I wish I could remember the first time that I was brave enough to say that I was an artist. I called myself a painter for several years before finally deciding that I somehow had the qualifications to advance my status to “artist.” It’s such a strange transition that I remember wondering if anyone was going to call me on it. Like maybe there were secret art police that would show up at my door to tell me that I was using the term without proper authorization.
I recently read “Man with a Blue Scarf” by Martin Gayford which describes Martin’s experience sitting for a portrait by the late Lucian Freud. Martin gives accounts of the conversations between him and Lucian during the seven months of sitting for the painting. It’s a fascinating glimpse into Lucian’s thought process, opinions and insights. My favorite quote from the book is a beautiful description of the life of an artist. If ever there were to be an oath required to cross the threshold into artist status, this quote should be it.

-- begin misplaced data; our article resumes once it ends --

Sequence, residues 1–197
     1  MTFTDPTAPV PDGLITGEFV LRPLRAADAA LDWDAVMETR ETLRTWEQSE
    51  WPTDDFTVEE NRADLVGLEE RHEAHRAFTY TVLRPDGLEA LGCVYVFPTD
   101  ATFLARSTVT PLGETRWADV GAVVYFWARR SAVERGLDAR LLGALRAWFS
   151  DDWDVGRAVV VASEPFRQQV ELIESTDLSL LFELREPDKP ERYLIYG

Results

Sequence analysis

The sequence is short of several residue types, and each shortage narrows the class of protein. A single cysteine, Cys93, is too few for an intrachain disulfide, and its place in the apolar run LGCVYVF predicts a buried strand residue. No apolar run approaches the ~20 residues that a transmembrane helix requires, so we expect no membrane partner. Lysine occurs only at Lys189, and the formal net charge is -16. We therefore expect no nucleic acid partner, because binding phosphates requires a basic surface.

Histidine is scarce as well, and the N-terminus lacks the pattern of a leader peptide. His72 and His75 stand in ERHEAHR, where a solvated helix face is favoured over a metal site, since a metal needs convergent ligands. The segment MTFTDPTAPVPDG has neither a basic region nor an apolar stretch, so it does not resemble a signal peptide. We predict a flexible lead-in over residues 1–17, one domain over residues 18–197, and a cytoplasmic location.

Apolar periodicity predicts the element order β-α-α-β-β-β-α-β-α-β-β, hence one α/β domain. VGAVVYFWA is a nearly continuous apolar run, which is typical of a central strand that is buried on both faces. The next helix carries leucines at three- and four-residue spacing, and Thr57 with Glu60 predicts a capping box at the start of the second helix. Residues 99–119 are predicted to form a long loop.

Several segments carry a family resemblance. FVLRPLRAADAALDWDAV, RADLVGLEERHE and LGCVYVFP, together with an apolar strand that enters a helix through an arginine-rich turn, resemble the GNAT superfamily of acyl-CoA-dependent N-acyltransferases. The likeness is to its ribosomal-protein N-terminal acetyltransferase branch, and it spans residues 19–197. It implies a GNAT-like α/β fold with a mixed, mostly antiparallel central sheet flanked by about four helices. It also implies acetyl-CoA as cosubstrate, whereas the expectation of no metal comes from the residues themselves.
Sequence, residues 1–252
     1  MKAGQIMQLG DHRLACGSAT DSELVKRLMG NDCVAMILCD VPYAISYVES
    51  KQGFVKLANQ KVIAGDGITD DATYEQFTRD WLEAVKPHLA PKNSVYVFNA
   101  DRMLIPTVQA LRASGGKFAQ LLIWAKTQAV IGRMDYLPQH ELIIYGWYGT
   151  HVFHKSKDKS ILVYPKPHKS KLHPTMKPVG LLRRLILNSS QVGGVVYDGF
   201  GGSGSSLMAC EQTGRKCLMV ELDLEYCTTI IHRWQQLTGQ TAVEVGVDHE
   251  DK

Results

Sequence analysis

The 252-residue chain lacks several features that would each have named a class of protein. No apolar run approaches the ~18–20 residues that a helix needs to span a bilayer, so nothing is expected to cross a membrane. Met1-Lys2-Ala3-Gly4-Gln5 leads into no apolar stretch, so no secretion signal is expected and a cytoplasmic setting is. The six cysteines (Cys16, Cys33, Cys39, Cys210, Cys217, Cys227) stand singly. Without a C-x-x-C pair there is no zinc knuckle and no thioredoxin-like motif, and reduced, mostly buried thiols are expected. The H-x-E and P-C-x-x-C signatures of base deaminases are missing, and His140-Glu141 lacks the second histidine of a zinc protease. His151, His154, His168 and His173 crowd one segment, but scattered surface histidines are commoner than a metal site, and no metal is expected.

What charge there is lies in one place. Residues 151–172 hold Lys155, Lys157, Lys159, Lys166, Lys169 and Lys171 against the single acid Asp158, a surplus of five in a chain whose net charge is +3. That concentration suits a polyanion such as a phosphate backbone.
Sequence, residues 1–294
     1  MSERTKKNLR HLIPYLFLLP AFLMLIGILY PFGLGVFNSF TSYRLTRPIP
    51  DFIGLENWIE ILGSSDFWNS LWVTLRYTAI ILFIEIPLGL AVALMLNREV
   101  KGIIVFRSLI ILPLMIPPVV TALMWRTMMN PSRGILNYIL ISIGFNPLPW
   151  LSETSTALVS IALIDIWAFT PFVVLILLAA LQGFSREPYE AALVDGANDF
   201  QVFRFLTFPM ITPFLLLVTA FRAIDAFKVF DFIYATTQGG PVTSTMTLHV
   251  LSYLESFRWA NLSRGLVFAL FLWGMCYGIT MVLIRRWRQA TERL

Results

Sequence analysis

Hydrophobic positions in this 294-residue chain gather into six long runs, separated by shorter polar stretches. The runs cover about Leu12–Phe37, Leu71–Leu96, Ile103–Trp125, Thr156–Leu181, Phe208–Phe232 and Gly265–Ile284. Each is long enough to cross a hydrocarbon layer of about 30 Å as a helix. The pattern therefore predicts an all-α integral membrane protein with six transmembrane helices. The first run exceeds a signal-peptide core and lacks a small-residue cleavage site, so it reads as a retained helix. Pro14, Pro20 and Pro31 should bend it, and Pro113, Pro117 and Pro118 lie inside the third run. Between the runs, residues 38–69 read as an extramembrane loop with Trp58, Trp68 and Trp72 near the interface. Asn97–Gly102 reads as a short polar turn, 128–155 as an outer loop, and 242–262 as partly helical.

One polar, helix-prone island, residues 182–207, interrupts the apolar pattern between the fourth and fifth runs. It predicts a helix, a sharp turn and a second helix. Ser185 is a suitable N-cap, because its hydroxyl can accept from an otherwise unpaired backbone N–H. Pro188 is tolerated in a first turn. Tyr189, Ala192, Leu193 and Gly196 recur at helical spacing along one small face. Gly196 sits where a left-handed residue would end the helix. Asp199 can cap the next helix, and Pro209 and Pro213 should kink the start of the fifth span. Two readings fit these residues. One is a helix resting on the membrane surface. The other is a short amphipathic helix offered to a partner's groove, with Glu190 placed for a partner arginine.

‘I always thought’, says LF, ‘that an artist’s was the hardest life of all’. Its rigour – not always apparent to an outside observer – is that an artist has to navigate forward into the unknown guided only by an internal sense of direction, keep up a set of standards which are imposed entirely from within, meanwhile maintaining faith that the task he or she has set him or herself is worth struggling constantly to achieve. This is all contrary to the notion of bohemian disorder. -Man with a Blue Scarf, p. 130